**[0097]**In response to the received indication that the magnetometer data may be inaccurate, the system can determine (436) the heading of the mobile device using angular rate data. Determining the heading of the mobile device using angular rate data can include determining a heading of the mobile device using the synthetic magnetometer data.

**[0098]**The system can determine (438) that the magnetometer data are accurate within an accuracy range. Determining that the magnetometer data are accurate within the accuracy range can include determining that a variance of an angle (e.g., θ

_{i}) between a vector of the synthetic magnetometer data (e.g., synthetic magnetometer measurement vector {right arrow over (m)}

_{i}

^{s}) and a vector of the magnetometer data (e.g., magnetometer measurement vector {right arrow over (m)}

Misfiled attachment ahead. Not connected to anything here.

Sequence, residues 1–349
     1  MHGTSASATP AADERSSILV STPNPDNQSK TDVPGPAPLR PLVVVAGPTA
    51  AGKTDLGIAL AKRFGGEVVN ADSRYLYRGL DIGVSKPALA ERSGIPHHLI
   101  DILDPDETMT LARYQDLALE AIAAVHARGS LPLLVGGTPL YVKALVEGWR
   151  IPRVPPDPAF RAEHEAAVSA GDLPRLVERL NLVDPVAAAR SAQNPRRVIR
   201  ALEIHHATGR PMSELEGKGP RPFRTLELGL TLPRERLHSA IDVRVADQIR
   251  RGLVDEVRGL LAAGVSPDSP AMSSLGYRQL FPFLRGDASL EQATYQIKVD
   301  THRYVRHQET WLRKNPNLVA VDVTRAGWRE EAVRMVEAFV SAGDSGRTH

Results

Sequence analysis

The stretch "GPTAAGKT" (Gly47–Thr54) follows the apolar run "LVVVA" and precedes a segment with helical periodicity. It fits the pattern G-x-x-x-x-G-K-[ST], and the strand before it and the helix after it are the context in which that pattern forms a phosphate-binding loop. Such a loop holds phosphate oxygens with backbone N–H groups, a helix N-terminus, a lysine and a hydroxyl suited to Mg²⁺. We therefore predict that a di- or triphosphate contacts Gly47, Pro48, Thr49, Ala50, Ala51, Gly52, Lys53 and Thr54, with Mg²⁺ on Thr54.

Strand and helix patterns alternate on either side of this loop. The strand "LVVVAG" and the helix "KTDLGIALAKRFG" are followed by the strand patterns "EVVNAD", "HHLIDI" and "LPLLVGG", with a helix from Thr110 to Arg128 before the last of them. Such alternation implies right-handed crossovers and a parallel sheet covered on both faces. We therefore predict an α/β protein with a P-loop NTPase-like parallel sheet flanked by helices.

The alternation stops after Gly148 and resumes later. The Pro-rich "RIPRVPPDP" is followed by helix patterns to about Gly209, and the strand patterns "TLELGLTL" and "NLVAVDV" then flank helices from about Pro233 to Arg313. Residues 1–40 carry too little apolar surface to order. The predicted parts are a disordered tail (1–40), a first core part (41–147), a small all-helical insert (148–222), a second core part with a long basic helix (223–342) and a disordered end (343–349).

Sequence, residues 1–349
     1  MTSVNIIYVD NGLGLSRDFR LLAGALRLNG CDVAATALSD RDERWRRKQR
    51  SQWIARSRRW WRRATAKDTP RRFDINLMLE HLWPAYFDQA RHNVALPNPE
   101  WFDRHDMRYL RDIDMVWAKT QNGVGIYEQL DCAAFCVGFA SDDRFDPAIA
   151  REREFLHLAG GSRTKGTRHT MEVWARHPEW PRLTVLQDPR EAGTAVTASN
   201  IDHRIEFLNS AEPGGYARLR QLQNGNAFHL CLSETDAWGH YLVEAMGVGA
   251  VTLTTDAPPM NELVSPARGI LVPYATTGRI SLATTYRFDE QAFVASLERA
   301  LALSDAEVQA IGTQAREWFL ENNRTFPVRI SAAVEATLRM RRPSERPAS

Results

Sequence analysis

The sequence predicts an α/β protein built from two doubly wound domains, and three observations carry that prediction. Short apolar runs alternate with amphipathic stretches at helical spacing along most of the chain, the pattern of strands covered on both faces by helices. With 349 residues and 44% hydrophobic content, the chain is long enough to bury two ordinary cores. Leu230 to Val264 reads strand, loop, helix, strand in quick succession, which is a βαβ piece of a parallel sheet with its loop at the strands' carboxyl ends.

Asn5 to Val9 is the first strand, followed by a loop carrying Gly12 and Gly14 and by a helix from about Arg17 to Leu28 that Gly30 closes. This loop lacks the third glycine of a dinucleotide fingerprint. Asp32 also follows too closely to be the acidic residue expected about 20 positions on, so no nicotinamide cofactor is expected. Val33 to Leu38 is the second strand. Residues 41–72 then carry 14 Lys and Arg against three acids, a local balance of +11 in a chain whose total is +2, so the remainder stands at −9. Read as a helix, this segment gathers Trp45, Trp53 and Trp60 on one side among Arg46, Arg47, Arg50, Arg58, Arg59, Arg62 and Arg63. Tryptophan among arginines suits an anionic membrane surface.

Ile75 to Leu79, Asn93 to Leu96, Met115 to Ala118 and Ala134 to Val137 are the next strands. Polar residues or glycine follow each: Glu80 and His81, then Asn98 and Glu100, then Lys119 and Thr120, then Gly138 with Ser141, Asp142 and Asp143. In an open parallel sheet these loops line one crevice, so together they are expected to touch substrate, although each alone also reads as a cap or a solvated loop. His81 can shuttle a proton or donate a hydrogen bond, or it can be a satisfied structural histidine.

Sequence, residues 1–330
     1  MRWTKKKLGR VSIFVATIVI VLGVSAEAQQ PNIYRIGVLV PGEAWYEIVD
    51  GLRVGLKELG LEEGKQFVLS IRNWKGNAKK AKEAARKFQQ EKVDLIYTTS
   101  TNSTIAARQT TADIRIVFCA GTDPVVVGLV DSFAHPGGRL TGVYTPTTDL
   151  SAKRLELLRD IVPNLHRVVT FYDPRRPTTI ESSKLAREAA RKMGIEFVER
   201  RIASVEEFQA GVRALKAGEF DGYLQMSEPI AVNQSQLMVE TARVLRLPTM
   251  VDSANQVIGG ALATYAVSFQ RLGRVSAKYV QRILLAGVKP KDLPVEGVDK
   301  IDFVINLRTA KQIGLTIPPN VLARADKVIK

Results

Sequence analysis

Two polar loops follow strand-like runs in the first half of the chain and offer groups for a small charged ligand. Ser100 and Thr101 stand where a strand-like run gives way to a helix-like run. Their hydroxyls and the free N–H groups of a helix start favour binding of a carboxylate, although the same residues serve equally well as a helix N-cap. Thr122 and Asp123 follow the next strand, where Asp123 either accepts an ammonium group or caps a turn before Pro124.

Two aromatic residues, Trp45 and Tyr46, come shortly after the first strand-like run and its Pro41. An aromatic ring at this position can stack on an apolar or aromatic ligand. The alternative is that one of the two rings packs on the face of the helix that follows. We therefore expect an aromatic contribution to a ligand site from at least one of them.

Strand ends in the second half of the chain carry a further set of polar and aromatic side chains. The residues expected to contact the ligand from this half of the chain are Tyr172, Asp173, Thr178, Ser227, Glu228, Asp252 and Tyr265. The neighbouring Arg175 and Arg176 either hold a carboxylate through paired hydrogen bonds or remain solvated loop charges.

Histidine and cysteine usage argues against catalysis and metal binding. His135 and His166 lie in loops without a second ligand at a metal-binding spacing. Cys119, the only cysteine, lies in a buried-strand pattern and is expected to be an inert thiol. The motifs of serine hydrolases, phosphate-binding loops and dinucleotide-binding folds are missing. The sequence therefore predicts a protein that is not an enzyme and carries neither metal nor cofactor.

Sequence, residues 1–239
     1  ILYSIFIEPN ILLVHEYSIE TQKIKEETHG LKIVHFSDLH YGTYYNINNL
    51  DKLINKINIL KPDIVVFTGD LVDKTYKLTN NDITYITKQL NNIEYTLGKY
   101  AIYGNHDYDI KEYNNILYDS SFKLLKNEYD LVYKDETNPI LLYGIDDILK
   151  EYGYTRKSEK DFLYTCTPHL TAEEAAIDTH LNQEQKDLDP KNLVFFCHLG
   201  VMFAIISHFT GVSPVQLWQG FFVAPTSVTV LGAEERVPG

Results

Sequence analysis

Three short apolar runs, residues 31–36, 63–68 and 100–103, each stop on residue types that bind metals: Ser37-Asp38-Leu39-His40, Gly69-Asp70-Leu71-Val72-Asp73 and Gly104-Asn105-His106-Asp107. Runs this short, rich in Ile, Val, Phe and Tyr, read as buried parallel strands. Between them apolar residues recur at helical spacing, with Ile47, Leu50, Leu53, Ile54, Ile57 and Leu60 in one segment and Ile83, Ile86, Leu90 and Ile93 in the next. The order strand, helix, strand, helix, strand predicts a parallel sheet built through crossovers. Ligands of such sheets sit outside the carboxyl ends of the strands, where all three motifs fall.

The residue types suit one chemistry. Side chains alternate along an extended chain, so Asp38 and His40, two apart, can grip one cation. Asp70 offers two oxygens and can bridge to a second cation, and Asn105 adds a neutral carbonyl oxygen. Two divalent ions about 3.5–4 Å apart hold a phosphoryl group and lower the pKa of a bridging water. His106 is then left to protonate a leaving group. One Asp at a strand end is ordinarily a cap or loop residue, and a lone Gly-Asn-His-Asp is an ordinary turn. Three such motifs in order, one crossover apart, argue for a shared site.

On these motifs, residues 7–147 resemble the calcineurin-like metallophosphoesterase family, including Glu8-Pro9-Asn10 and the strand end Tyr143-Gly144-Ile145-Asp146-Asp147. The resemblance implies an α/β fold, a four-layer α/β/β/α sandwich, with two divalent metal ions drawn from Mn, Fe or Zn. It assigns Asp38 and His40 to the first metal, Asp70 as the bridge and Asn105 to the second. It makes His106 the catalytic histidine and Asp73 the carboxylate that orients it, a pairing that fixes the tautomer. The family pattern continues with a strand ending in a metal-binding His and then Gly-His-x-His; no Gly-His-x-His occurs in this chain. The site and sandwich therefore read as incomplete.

_{i}) satisfies a threshold value. Upon determining that the magnetometer data are accurate within the accuracy range, the system can resume determining (432) the heading of the mobile device using magnetometer data. If the magnetometer data are not accurate within the accuracy range, the system can continue determining (436) the heading using the angular rate data.

**Exemplary Device Architecture**

**[0099]**FIG. 5 is a block diagram of an exemplary device hardware architecture for implementing the sensor calibration system 100 and processes referenced in FIGS. 1-3. The device can include memory interface 502, one or more data processors, image processors and/or processors 504, and peripherals interface 506. Memory interface 502, one or more processors 504, and/or peripherals interface 506 can be separate components or can be integrated in one or more integrated circuits. The various components in the device, for example, can be coupled by one or more communication buses or signal lines.